here is my problem: i need a certain class to be used in a webmethod an a client. In order to do so i made a little library called ChatLib containing the class ChatMsg. Both, webservice and client, have the line "using Chatlib;", but the proxy (which is generated by the Visual Studio) seems to do something different.
The Compiler tells me that he is not able to convert 'chatclient02.localhost.ChatMsg' to 'ChatLib.ChatMsg' (referring to a line in the windows form, where i want to start the webmethod).
(in german: "Implizite Konvertierung des Typs 'chatclient02.localhost.ChatMsg' zu 'ChatLib.ChatMsg' nicht möglich.")
exchanging the line "using Chatlib;" by "using chatclient02.localhost;" in the client makes the compiler happy but the program does not run properly which means that there are system exceptions thrown.
i would be grateful for every answer especially those, that support the usage of Visual Studio.NET
PS: I already posted this one on another board, which was probably the wrong address. If this is true for this board, too, i might be happy getting an answer such as: "this is the wrong board, try this: ...".
I found a solution when i made a little exsample application concentrating on this whole using library business (for a prof who did not quite understand my problem):
It turns out to run properly when i refer to ChatMsg as localhost.ChatMsg (i think it's the namespace of the proxy) not using or refering any ChatLib in the client. This might not have worked for the original purpose because of the messy code, i have to tidy it up i guess
Hi! I've been working with C# for a while now but have hit a few snags...I would sure like info about the following things:
1. Hardware and C#
2. Accessing hardware serial numbers in C#
3. Computer System Hardware Classes and C#
4. Accessing Win32_BIOS - Win32_DiskDrive functions in C#
5. How to get a list of functions contained in a DLL file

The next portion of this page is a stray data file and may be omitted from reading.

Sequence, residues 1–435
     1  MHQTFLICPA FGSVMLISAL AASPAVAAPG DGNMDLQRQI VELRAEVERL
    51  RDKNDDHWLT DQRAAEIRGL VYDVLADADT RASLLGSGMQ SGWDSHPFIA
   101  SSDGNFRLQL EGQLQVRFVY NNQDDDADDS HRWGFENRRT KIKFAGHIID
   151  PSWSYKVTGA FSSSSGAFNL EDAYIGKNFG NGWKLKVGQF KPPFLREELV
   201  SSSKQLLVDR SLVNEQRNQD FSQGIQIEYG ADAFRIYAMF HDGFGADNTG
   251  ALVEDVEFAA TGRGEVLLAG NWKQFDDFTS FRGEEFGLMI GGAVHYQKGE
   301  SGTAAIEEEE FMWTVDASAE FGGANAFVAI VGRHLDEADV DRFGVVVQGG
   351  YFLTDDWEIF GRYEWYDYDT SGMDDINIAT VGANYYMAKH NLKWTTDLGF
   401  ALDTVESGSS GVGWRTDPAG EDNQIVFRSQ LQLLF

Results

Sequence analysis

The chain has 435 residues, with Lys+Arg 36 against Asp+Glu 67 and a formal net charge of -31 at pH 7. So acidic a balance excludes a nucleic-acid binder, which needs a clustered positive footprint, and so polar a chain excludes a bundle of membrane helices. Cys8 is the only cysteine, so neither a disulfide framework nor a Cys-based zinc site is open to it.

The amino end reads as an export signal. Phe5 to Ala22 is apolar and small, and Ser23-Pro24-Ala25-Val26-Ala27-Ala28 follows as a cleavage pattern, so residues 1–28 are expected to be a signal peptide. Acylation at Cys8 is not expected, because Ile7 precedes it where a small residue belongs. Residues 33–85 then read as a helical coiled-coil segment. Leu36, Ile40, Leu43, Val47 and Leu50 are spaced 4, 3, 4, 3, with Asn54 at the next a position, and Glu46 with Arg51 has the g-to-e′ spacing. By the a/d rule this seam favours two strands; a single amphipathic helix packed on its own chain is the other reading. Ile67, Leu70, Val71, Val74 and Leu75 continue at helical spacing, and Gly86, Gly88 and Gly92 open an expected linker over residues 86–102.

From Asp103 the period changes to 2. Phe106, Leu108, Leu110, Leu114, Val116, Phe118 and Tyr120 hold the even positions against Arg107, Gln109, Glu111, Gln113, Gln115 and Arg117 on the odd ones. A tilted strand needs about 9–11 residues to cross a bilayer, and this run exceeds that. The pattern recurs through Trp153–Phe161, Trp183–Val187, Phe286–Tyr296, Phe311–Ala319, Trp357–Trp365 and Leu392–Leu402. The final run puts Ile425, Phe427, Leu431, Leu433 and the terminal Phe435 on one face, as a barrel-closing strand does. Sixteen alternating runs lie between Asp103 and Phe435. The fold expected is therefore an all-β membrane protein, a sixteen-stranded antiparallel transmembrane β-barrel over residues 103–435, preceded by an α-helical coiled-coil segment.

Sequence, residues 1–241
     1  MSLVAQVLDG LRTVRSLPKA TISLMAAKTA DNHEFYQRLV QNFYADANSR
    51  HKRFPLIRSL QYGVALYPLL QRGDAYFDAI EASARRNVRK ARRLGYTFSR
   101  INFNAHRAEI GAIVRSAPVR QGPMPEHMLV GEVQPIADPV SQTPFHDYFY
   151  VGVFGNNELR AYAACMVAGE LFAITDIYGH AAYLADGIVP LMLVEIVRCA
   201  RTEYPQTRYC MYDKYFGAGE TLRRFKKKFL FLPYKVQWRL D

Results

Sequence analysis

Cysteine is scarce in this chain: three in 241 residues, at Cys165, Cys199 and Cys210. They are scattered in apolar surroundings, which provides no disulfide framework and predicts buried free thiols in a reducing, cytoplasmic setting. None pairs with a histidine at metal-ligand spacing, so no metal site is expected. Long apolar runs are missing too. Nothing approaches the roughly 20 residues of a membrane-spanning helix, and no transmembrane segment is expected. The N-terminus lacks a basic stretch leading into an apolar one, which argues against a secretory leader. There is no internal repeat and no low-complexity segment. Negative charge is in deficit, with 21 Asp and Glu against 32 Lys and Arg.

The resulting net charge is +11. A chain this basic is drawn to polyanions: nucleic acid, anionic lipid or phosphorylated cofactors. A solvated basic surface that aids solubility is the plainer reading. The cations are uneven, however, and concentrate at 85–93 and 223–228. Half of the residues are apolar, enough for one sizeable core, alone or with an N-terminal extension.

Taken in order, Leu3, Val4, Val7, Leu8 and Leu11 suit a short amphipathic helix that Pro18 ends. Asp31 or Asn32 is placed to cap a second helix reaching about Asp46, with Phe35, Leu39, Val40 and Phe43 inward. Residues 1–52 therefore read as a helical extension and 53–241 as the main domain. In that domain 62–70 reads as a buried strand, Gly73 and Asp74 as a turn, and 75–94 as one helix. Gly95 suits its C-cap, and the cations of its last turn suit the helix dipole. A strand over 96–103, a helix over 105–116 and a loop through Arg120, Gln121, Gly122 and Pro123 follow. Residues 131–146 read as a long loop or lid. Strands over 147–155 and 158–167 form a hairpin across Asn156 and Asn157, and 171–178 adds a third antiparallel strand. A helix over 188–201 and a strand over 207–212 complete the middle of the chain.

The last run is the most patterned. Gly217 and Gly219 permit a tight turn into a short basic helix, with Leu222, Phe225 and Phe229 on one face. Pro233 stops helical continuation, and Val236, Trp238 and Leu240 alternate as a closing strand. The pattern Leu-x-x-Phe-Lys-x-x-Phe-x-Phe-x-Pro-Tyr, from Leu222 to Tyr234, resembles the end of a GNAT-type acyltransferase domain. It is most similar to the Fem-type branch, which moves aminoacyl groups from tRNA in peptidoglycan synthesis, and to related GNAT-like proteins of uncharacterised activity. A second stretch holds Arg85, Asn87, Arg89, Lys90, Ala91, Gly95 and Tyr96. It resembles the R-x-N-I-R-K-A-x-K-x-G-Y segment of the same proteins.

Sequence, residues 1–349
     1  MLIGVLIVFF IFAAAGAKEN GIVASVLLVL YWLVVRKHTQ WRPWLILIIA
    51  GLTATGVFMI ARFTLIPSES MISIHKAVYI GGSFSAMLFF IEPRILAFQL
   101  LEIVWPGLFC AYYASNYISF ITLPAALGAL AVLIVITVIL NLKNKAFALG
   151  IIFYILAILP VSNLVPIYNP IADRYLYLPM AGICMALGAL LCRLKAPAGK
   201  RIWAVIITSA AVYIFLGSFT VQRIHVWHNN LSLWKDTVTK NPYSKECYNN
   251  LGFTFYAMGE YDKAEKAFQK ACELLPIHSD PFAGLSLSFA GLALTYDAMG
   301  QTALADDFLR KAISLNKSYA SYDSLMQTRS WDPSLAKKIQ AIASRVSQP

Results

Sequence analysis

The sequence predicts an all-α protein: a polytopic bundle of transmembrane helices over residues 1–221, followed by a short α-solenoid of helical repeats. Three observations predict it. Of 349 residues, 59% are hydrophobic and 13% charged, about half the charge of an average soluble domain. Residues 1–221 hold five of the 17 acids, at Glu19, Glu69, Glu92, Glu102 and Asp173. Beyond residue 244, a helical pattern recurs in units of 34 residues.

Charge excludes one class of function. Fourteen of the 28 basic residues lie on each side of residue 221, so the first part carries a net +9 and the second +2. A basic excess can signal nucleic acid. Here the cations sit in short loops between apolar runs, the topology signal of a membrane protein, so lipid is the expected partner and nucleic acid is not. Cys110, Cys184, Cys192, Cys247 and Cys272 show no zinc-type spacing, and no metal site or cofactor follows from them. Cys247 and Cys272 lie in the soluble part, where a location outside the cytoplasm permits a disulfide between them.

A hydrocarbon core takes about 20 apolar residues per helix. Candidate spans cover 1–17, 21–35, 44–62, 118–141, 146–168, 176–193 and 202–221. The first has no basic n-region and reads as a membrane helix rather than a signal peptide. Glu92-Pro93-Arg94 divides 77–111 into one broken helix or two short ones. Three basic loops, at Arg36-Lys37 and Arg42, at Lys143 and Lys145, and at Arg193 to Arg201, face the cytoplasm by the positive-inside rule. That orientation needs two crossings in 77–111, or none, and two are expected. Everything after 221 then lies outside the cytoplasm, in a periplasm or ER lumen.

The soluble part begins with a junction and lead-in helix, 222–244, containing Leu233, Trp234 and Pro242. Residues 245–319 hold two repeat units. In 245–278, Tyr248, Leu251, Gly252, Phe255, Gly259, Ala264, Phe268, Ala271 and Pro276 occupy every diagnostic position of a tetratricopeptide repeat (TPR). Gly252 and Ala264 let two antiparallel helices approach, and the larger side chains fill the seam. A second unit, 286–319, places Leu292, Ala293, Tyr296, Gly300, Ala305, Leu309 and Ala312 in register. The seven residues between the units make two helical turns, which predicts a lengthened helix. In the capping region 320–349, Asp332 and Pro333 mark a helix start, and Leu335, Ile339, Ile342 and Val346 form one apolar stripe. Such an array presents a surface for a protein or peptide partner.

Any help would be appreciated and thanks for the time spent on answering this beforehand...
For anything Win32 related you should go to MSDN[^] and check out Eric Gunnerson's latest article. He has a really good explanation of how to do Win32 stuff from C#.
As for the hardware related issues...I don't think you can do that in C#. I believe you would have to use, again, the Win32 API. However, you may not even be able to do that(You might have to go all the way down to Assembler).
And lastly, as for the DLL. You can use the System.Reflection.Assembly class to load a DLL and examine it's properties and methods. Even if it's a COM DLL, then .NET will create a wrapper for you and you'll be able to see the info that you want.
Properties are a replacement for all those get/set methods we have in C++ / Java. It also allows you to expose a different type than the field you setting. AFAIK any fields should be never be public.
Hope this helps
"There are no stupid question's, just stupid people."
Yeah, its best to use properties rather than public fields. A property acts as an encapsulation around and a buffer between a classes private fields and the function accessing them.
Where with a public field all you can do is get and set:
public int ABool = 0;
Test t = new Test();
t.ABool = 1;
A property allows you to do many things before the field itself is set. A property also allows you to restrict the access to a field, allowing only getting or setting, if that is what your class requires:
private int aBool = 0;
public int ABool
// restrict the value of aBool to positive and zero
if (value >= 0)
aBool = value;
If I understand the question correctly...this may give a good definition.
Property: This is exposed via public accessors (get/set) that allow a user to indirectly modify an internal variable. This process allows the developer to a) encapsulate the actual data b) include process against the data before it is set in the variable c) define that variable as read-only / write-only / read/write-capable.
Field: Directly exposes an internal variable as PUBLIC. This, to some extent, breaks encapsulation, does not keep control of the variable within the control of the object, and is not CLS Compliant. No process can be performed against the public property (such as security or business logic) and as such the value of the variable should be treated as suspect by the owning object.
Does this help?
--------------------------------------------- Once I thought I was wrong but I was happy to discover that was a mistake.